The Court found Assamene's testimony credible.

3. Begashaw Bogale

Begashaw Bogale testified to the following regarding his employment with CISS and acquaintance with Plaintiff:

Bogale was recruited by Saleh Hamod to work for CISS. Trial Trans. Vol. 2 at 317:3-11. Bogale began work for CISS on December 25, 2015, and he was assigned to a worksite in Chino, California. Id. at 317:3-4, 317:25. Bogale was the only guard assigned to work in Chino. Id. at 319:2-5. His work hours were 4 p.m. to 6 a.m. Monday through Friday and 24 hours per day on the weekends. Id. at 319:6-11. He was introduced to Plaintiff before starting work in Chino, and Plaintiff subsequently trained and mentored Bogale. Id. at 318:4-14. Bogale would call Plaintiff with questions and sometimes Plaintiff would drive to Chino to teach and assist Bogale. Id. at 318:12-14, 318:20-319:1. Plaintiff would drive to Chino to see Bogale on Monday through Friday sometime between noon and 1 p.m. Id. at 319:16-21. Bogale understood his compensation to be $1100 every two weeks. Id. at 317:21-23. Defendants often paid Bogale late and at some point Defendants decreased Bogale's pay to $960 every two weeks. Id. at 320:7-16. On January 29, 2014, Bogale and Plaintiff went together to CISs's offices to complain to Nafees and Waqas about the fact that CISS was late paying Bogale and Plaintiff. Id. at 322:5-323:8.

The Court found Bogale's testimony credible.

4. Bill Gamboa

William “Bill” Gamboa testified to the following regarding his acquaintance with Plaintiff:

Gamboa is employed by Oltmans Construction Company (“Oltmans”), and he was the superintendent for a job in Ontario, California. Trial Trans. Vol. 2 at 282:12, 285:9-11. Oltmans hired CISS to provide security guards for the Ontario worksite. Id. at 283:5-18, 285:17-22. Oltmans asked CISS to provide security guards in Ontario for approximately six months, beginning December 2013. Id. at 285:17-286:1. Plaintiff was the first security guard sent by CISS to the Ontario worksite, and Plaintiff began work in Ontario by December 16, 2013. Id. at 286:2-18. Gamboa does not recall how long Plaintiff worked in Ontario, but Gamboa estimates it was for six or seven weeks. Id. at 289:7. Plaintiff was the only security guard for Ontario until Plaintiff left and was replaced by Assamene. Id. at 291:12-292:11. Gamboa regularly was at the Ontario worksite from 5:30 a.m. until 3:30 p.m. on Monday through Friday, though he would sometimes stay as late as 6 p.m. Id. at 287:6-21. During the time that Plaintiff was assigned as the security guard for Ontario, Gamboa would occasionally arrive at the Ontario worksite at midnight to perform night work. Id. at 287:22-288:10. Gamboa never saw any security guard from CISS at the Ontario worksite other than Plaintiff. Id. at 288:25-289:3. At some point, Plaintiff complained to Gamboa that CISS was not paying Plaintiff promptly, and Gamboa brought the matter to CISs's attention on Plaintiff's behalf. Id. at 293:4-294:4. The Court found Gamboa's testimony credible.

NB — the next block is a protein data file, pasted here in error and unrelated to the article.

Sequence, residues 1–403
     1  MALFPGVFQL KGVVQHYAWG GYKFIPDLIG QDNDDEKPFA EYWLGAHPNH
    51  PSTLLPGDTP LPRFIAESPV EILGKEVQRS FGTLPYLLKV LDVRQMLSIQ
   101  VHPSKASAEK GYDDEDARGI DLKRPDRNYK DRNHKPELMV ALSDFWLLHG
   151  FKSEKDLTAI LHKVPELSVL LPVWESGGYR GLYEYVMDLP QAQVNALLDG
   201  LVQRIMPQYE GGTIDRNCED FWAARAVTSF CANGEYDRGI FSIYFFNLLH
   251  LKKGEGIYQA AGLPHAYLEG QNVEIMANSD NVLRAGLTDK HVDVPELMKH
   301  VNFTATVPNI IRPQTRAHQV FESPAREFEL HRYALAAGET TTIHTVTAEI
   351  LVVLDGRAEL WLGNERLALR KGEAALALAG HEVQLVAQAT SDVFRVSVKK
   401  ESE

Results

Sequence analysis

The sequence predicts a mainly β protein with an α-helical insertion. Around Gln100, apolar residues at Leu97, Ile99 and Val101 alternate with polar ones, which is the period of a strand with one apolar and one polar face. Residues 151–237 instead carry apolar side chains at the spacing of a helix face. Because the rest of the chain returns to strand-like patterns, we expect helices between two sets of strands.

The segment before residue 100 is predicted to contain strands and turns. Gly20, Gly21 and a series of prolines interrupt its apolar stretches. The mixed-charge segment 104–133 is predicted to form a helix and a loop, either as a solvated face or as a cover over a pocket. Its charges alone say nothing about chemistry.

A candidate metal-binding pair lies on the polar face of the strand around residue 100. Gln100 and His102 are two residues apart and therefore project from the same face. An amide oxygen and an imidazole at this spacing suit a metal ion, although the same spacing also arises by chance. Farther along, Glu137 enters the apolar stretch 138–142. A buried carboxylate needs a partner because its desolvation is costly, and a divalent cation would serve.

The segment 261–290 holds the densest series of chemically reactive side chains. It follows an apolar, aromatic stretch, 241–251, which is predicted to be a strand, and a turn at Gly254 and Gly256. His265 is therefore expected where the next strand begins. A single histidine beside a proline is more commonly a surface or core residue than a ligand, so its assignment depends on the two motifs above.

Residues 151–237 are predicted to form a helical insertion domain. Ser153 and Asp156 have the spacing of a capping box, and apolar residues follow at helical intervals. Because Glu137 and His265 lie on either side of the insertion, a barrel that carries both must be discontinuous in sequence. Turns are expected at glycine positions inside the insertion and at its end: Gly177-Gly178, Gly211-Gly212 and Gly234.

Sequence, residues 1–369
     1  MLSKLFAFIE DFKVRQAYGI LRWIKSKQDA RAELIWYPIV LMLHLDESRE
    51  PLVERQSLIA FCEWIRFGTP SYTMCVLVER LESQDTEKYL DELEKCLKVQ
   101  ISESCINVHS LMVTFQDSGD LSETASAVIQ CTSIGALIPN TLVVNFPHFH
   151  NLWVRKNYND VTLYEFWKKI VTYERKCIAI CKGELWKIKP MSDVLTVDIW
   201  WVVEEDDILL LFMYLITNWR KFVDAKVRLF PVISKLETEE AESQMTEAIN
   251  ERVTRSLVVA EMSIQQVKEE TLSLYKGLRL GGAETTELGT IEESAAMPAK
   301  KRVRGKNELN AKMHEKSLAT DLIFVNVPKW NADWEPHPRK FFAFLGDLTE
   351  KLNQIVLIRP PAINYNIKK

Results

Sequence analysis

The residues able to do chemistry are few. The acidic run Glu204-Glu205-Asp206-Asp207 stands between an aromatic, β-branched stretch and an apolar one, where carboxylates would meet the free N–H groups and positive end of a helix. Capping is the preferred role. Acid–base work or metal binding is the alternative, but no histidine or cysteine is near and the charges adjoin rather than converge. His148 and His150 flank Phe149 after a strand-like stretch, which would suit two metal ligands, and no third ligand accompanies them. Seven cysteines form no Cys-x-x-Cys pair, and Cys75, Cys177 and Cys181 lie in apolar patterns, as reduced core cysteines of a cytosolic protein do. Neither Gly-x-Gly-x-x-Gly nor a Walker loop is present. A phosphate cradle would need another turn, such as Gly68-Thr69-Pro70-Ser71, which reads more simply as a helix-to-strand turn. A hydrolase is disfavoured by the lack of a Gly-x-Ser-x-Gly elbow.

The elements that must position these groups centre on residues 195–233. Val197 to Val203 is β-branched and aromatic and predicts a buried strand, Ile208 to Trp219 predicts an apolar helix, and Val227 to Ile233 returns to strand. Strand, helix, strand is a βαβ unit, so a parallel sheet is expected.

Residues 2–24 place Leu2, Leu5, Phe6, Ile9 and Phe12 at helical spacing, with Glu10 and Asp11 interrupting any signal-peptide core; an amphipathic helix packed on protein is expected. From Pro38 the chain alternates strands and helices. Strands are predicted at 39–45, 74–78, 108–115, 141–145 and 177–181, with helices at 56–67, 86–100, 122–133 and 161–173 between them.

5. Stephen Ng

Stephen Ng testified to the following regarding his acquaintance with Plaintiff:

Ng is employed by Northeast Medical Services. Trial Trans. Vol. 2 at 300:20-21. Beginning in September 2013, Ng worked for Northeast Medical Services as a security guard in San Jose. Id. at 301:5-6, 301:18-25. As a security guard, Ng was responsible for two properties located a block apart from each other—the 1870 Lundy site and the 1715 Lundy site. Id. at 301:18-25, 301:10-16. Northeast Medical Services contracted with CISS to provide security coverage at the 1870 Lundy site. Id. at 303:10-15. CISS initially provided a guard named Fente for 1870 Lundy, but Plaintiff replaced Fente as the guard for 1870 Lundy. Id. at 303:21-304:7. Ng never had any indication that any other guard worked at 1870 Lundy during the time that Fente worked there. Id. at 305:16-21. Plaintiff arrived at 1870 Lundy sometime between January and March of 2014, and Ng no longer saw Fente at 1870 Lundy once Plaintiff arrived. Id. at 304:9-21. Ng checked in on Plaintiff every day between 6 p.m and 7 p.m. Id. at 304:25-305:9, 306:11-13. Ng asked Plaintiff to put up parking lot chains at 7 p.m. and take the chains down at 7 a.m. every day. Id. at 308:13-25. Ng never had any indication that any other guard worked at 1870 Lundy during the time that Plaintiff worked there. Id. at 307:19-25. After Plaintiff stopped working at 1870 Lundy, Plaintiff was replaced by multiple guards working in shifts. Id. at 310:17-19, 311:3-6.